Looking at the concerns of radiationX-rays, CT scans and other types of imaging exams are often surrounded by controversy.
By: Regan Carstensen, The Republican Eagle
X-rays, CT scans and other types of imaging exams are often surrounded by controversy.
While some people don’t think twice about them, others fear that radiation exposure as a result of the exams will cause cancer. Area medical professionals urge patients to take a closer look at the facts about radiation — something many people don’t understand.
“Radiation is kind of this mysterious invisible thing that science fiction movies have used a lot,” said Dr. Cynthia McCollough, the professor of Medical Physics and Biomedical Engineering at Mayo’s CT Clinical Innovation Center in Rochester.
“(People) don’t recognize that it’s just like anything. If I take a whole bottle of Tylenol — bad. If I take two Tylenol — not a problem,” McCollough explained.
What many patients don’t realize, McCollough said, is that the dose of radiation exposure from medical imaging is often far less than what a person is exposed to in everyday life.
Measured in a unit called millisieverts, radiation comes from some of the least expected places.
“Every time you eat a banana you’re eating radiation,” McCollough said. “But it’s tiny doses.”
According to Mayo Clinic, the dose of radiation a person can expect from an average dental X-ray is about .005 mSv. By comparison, a six-hour flight on an airplane exposes people to about .03 mSv of radiation.
“We get radiation from cosmic sources,” McCollough added. “The average background just from living on planet Earth is about 3 millisieverts a year.”
Medical imaging exams expose patients to varying doses of radiation, with chest X-rays as low as .1 mSv, mammograms .7 mSv and CT scans coming in closer to 7 or 10 mSv.
“Radiation therapy where you’re trying to damage so many cells that you can’t recover, they give tens of thousands of these millisieverts,” McCollough explained. “That’s the difference we’re talking.”
While McCollough said she isn’t trying to say there are absolutely no risks associated with radiation from medical imaging exams, she and other medical professionals are trying to help people understand that if the exams weren’t more positive than negative, they wouldn’t be offered.
“I try to get people to focus on the benefits,” she noted. “Radiation is not this really scary thing.”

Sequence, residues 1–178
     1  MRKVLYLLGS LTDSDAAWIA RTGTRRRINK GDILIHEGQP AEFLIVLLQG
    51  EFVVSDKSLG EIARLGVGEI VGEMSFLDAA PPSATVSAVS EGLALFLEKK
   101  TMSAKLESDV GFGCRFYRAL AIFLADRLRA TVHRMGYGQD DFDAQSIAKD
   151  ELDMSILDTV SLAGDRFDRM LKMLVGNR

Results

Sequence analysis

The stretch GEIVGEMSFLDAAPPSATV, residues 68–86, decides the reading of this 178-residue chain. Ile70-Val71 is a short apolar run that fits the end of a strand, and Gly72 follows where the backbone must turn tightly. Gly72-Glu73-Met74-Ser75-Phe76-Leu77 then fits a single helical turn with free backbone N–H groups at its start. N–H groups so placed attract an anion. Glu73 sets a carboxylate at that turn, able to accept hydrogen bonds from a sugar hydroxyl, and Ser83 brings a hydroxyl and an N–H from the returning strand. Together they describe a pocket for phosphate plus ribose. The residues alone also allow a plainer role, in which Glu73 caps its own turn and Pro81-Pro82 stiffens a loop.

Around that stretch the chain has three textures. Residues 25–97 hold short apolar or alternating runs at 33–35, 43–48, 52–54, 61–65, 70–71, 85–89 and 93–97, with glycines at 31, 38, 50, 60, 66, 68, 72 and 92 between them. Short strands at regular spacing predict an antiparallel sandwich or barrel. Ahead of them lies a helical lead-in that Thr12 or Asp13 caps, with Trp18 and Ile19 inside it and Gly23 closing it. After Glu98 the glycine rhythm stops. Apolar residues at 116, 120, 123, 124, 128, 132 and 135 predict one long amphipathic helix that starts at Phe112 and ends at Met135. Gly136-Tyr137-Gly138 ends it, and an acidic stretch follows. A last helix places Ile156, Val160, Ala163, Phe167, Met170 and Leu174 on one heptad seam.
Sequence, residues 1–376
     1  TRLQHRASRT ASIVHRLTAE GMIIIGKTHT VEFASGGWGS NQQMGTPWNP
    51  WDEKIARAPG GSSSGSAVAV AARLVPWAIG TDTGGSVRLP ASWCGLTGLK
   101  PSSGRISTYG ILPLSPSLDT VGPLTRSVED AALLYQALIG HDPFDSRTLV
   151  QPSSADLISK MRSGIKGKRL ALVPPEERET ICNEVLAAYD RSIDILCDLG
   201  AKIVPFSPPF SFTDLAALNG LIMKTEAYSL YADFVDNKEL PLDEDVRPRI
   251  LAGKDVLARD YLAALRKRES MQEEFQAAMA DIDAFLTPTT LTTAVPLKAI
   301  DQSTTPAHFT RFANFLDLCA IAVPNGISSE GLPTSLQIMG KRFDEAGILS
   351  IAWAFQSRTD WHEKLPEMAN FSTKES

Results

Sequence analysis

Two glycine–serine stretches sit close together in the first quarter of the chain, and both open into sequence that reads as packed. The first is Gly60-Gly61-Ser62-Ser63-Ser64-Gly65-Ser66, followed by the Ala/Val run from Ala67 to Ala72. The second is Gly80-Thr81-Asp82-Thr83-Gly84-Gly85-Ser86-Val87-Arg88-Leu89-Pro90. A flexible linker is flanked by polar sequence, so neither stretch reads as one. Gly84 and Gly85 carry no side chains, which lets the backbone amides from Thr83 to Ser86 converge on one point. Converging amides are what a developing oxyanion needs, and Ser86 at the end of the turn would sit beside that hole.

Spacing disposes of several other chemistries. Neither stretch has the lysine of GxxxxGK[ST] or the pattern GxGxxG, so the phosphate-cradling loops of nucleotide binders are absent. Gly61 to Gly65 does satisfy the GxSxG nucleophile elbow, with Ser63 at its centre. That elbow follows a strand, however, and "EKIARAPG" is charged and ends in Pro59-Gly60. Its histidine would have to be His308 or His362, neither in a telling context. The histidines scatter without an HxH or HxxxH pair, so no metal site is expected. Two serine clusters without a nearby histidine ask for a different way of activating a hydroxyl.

Mayo Clinic points out in its brochure about radiation exposure: “For most imaging exams, the health benefits that may be gained from any medically necessary exam are very high compared to the small potential risk.”
Additionally, advancements in medical technology are allowing doses of prescribed radiation to decrease.
“That’s my job as a physicist to keep things as low as reasonable so it’s as safe as reasonable,” McCollough noted.
Still, she stressed, there’s no reason for people to expose themselves to more radiation than is necessary.
“Don’t use more than you need to.”
Extra precautions unneeded
With Breast Cancer Awareness Month coming to a close, women across the country have been encouraged to schedule a mammogram to help detect breast cancer as early as possible.
However, some women are less concerned about the potential of breast cancer and more concerned about radiation exposure from the actual screening.
While the use of a lead apron can give some patients peace of mind when heading into an appointment for a mammogram, medical professionals say neither lap nor thyroid aprons are necessary.
According to the American Association of Physicists in Medicine, “mammography machines are designed to ensure patient safety, incorporating internal radiation shielding, which prevents stray radiation.”
Not only that, but a screening may actually be negatively affected by the use of an apron or shield.
“The biggest thing that we emphasize is that, especially with mammograms, asking for a thyroid shield really puts you at risk for a bad exam,” McCollough said. “If you had a very bulky lead apron around your neck there’s a pretty good chance a part would come into the image, wrecking the image and then you’d have to repeat the whole exam.”
“The efforts that you take in anything ought to be sort of commensurate to the risk.”